Click here to submit public comments to Ohio EPA by November 19.
1.) Insist algae toxin standards be created for Ohio drinking water supplies
2.) Request mandatory testing to occur at community water systems
In June 2014, Governor Kasich signed into law a bill that guts Ohio’s clean energy and efficiency standards. Passing this new law was not enough for Ohio’s utilities, though.
Now, Ohio’s largest electric utilities, AEP, Duke, and FirstEnergy are seeking to keep a number of Ohio’s oldest and dirtiest power plants open for years to come.
And they want you and me to pay for it.
The Ohio Chapter Gas and Oil Fracking Committee is comprised of a core team of Sierra Club members from across the state working in cooperation with partner organizations to protect Ohio’s air and water from the impacts of Hydraulic Fracturing Drilling “Fracking”. We empowers citizens to protect their communities locally while supporting a statewide moratorium until fracking’s impacts are studied and until we believe that safe and effective regulation will prevent unacceptable harm to wildlife, human health, water, air, and property values.
FOR IMMEDIATE RELEASE
May 10, 2013
Sierra Club Statement on Cancellation of Eastlake Natural Gas Project
COLUMBUS – Today Jed Thorp of the Ohio Chapter of the Sierra Club released the following statement after FirstEnergy and American Municipal Power scrapped plans for a natural gas project in Eastlake:
“This is yet another sign to Ohioans that there are better alternatives to fossil fuels. A 21st century energy economy means looking at ways to reduce dependence on fossil fuels and lower energy prices, rather than forcing customers to become reliant on new forms of dangerous extraction, like fracking for natural gas. We strongly encourage utilities to instead meet demand with increased energy efficiency, which is cheaper for customers and better for the environment than natural gas.”
The Public Utilities Commission of Ohio recently ruled that FirstEnergy must bid their energy efficiency programs into this year’s electricity auction. Bidding for energy efficiency alongside other forms of energy is expected to lower prices. In their ongoing efforts to repeal Ohio’s renewable energy and energy efficiency benchmarks, FirstEnergy has used the potential for shale gas development in Ohio as an excuse to abandon the standards, but today’s announcement contributes to a growing body of evidence showing that energy efficiency continues to be the less expensive option.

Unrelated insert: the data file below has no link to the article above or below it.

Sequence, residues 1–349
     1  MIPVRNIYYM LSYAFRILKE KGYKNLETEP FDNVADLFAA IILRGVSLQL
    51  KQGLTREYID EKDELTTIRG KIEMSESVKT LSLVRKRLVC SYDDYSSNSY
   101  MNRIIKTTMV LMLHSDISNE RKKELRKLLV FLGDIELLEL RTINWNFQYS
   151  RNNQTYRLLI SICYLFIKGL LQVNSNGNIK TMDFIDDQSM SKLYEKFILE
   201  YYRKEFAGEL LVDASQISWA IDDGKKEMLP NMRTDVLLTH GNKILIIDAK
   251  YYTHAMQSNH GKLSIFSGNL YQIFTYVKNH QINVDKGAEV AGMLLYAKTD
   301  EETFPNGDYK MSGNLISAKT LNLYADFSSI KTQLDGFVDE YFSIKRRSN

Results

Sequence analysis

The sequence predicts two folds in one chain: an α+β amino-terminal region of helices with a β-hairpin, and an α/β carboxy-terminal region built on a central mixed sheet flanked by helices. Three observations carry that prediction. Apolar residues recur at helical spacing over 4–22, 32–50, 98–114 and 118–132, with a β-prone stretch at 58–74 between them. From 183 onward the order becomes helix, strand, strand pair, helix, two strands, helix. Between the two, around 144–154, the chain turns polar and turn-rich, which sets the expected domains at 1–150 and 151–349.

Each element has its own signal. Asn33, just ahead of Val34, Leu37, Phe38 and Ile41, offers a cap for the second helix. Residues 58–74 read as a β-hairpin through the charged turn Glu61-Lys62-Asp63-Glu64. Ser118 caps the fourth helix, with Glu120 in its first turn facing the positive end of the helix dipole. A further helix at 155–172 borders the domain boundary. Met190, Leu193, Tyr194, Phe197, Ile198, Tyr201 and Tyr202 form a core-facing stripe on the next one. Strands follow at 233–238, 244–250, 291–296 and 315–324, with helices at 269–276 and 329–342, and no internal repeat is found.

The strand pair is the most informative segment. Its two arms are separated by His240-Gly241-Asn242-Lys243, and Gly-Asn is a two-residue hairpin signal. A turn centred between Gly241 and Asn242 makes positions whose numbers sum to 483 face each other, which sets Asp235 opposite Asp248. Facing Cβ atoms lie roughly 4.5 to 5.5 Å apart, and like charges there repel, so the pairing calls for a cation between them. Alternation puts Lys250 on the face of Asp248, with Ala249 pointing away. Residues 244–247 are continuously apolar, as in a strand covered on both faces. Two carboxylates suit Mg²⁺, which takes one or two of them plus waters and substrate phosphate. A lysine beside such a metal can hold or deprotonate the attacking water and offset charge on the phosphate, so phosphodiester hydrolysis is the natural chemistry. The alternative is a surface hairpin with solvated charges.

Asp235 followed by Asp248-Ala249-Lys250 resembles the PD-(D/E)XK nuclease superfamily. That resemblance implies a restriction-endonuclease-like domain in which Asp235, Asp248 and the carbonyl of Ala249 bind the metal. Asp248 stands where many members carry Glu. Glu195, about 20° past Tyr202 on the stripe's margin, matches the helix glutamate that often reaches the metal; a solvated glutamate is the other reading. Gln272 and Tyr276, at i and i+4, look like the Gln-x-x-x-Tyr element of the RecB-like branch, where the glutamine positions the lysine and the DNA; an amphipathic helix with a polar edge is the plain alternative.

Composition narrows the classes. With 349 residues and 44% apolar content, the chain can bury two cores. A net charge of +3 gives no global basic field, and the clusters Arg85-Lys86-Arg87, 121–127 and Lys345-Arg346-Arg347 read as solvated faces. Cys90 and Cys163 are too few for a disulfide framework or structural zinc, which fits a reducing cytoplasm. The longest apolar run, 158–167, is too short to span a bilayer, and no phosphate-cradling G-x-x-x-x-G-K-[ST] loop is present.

October 11th, 2012
So far 32 communities in Ohio have passed local legislation to protect the health of Ohio citizens and our environment. Take a look at the map and see which locations are leading the fight against fracking.
View Local Ohio Fracking Legislation in a full screen map
September 19th, 2012
Sadly, Ohio will permit its 400th fracking well this week. The Ohio Department of Natural Resources has been permitting new fracking wells at a rate of 1 per day. Many of these new wells are located around our state parks, forest, and wildlife areas. Already several wells have been abandoned or left inactive. Search the ohio frack map to find a frack site near you. Read More
September 7th, 2012
From the Columbus Dispatch
The Ohio Department of Natural Resources has paid a $1,000 settlement and nearly $8,000 in attorney fees and court costs to end a public-records lawsuit.
The Ohio Sierra Club sued the agency in Franklin County Common Pleas Court in April, claiming that officials had ignored records requests for months. The advocacy group wanted to see all documents and emails related to the agency’s plan to open state parks and forests to shale drilling and “fracking.” The Dispatch had filed a request for the same records.
The documents and emails were released in four batches over two months. They revealed, among other things, that officials had considered keeping drilling rigs farther from campgrounds and other attractions than a proposed 300 feet, and that teams of agency workers were sent from their regular jobs to scour county property records for state-owned mineral rights. Officials also had discussed whether they should sell water from state park lakes and streams for fracking.
The state has yet to offer public land for drilling under the authority of a state law that was enacted on Sept. 30.
“We consider this case closed and are pleased that this matter is resolved to the satisfaction of both parties,” Natural Resources spokeswoman Bethany McCorkle said in a statement.
Jed Thorp of the Ohio Sierra Club said he is satisfied, too. “We hope that this lawsuit will improve ODNR’s responsiveness,” he said.